Nevada grazing standoff reignites a festering feud
Cliven Bundy’s latter-day Sagebrush Rebellion is a treatise on why ranchers and others guided by traditional Western values so frequently question the legitimacy of federal authority on public lands.
Throw in a federally protected endangered desert tortoise and you’ve got a recipe for standoff.
Bundy, 67, is a Nevada rancher who has been illegally grazing his cattle on federal land for 20 years. He stopped paying grazing fees in 1993 and ignored a Nevada district court ruling that permanently barred him from running his cattle on land managed by the U.S. Bureau of Land Management.
Bundy doesn’t recognize the authority of the federal government over public lands — at least in Nevada. He claims that his family has been raising cattle on the land since 1877, before the BLM existed, giving him a preemptive right to use it.
The BLM let Bundy’s activities go until he moved his cattle into a protected habitat for endangered tortoises.
When the BLM began rounding up Bundy’s cattle last week for trespassing, the long-simmering feud came to a head. Armed supporters faced off with federal agents, evoking images of deadly confrontations in Ruby Ridge, Idaho, and Waco, Texas, in the early 1990s.
Fearing bloodshed, the BLM backed off the cattle seizure Saturday, but vowed to press the issue “administratively and judicially.”
“We remain disappointed that Cliven Bundy continues to not comply with the same laws that 16,000 public lands ranchers do every year,” BLM Director Neil Kornze said in a statement.
Bundy later told FoxNews.com: “This is a lot bigger deal than just my cows. It’s a statement for freedom and liberty and the Constitution.”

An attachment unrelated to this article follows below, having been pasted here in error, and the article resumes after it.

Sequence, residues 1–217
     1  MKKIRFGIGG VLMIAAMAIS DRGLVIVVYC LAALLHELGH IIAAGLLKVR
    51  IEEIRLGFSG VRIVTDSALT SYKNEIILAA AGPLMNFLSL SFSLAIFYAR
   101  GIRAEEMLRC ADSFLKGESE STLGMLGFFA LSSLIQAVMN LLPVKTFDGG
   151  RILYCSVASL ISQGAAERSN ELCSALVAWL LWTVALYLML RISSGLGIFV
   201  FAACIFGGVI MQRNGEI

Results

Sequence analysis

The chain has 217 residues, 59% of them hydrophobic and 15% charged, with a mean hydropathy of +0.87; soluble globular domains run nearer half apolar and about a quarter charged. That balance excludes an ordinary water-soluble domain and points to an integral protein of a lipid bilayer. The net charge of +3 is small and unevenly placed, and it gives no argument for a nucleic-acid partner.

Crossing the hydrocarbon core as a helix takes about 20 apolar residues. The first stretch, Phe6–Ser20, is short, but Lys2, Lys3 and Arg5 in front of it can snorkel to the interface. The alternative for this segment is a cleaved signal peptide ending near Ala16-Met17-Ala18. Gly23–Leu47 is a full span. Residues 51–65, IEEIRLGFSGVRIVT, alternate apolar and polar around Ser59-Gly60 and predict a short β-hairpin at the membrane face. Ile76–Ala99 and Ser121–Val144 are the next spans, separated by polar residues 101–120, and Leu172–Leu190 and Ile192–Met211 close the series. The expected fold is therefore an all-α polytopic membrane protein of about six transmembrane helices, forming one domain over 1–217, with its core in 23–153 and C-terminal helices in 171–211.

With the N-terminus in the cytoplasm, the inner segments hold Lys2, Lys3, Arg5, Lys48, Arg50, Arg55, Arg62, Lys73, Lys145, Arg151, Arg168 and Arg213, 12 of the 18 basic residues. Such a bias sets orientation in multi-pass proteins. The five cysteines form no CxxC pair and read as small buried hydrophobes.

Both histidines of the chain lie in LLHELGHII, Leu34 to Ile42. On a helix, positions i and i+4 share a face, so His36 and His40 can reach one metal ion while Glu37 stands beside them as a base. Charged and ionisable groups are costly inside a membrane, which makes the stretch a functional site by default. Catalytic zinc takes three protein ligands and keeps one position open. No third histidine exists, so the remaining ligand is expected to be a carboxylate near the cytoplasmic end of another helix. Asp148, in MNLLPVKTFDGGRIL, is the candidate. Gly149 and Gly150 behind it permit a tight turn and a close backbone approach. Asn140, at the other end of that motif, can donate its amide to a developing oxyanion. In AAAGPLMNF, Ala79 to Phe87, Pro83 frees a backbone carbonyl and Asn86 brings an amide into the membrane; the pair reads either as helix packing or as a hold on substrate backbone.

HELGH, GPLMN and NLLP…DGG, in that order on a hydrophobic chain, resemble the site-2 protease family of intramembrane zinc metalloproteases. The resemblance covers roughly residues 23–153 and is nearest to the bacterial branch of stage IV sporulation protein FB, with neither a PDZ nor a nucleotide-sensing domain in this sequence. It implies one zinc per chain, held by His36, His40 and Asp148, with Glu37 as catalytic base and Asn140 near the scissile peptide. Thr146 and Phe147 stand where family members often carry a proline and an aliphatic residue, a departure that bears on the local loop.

If the authority of the federal government over public lands is established in the U.S. Constitution, Bundy isn’t buying it.
Meanwhile, the Nevada standoff was an alarming suspension of the rule of law — from actions by both sides.
Demonstrators were confined to a free-speech area in the interest of public safety — a move that perpetuated perceptions of federal thuggery.
Bundy and his supporters put the BLM in an impossible situtation. The Constitution provides a remedy for Bundy’s grievances. Rather than using the independent judiciary to validate his legal claims or turning to his congressional delegation for help, Bundy and his supporters used the threat of force to win a temporary reprieve.
That’s not going have a long-term effect. As we noted earlier, effective challenges to the federal government come through the courts or legislation — never guns. It will be interesting to see how — or if — the federal government reacts. At least it’s learned from past experience. Federal officials didn’t let this escalate to a Ruby Ridge situation. But a real solution to the issue of federal authority is much more problematic.